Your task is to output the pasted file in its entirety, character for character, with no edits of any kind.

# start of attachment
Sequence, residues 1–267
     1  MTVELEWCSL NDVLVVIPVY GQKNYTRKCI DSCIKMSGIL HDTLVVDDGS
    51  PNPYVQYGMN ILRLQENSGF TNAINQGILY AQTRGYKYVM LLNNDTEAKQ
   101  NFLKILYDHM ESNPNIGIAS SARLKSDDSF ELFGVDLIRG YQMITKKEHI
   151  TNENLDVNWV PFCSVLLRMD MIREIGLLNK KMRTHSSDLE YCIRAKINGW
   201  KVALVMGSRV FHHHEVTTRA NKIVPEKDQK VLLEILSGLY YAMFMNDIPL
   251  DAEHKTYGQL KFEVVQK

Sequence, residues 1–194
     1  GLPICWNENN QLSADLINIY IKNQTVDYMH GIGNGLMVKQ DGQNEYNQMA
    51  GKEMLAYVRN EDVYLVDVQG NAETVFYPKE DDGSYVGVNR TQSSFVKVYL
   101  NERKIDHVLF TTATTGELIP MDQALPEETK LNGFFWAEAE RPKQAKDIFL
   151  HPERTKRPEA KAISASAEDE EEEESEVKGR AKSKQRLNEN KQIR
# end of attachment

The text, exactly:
Sequence, residues 1–267
     1  MTVELEWCSL NDVLVVIPVY GQKNYTRKCI DSCIKMSGIL HDTLVVDDGS
    51  PNPYVQYGMN ILRLQENSGF TNAINQGILY AQTRGYKYVM LLNNDTEAKQ
   101  NFLKILYDHM ESNPNIGIAS SARLKSDDSF ELFGVDLIRG YQMITKKEHI
   151  TNENLDVNWV PFCSVLLRMD MIREIGLLNK KMRTHSSDLE YCIRAKINGW
   201  KVALVMGSRV FHHHEVTTRA NKIVPEKDQK VLLEILSGLY YAMFMNDIPL
   251  DAEHKTYGQL KFEVVQK

Sequence, residues 1–194
     1  GLPICWNENN QLSADLINIY IKNQTVDYMH GIGNGLMVKQ DGQNEYNQMA
    51  GKEMLAYVRN EDVYLVDVQG NAETVFYPKE DDGSYVGVNR TQSSFVKVYL
   101  NERKIDHVLF TTATTGELIP MDQALPEETK LNGFFWAEAE RPKQAKDIFL
   151  HPERTKRPEA KAISASAEDE EEEESEVKGR AKSKQRLNEN KQIR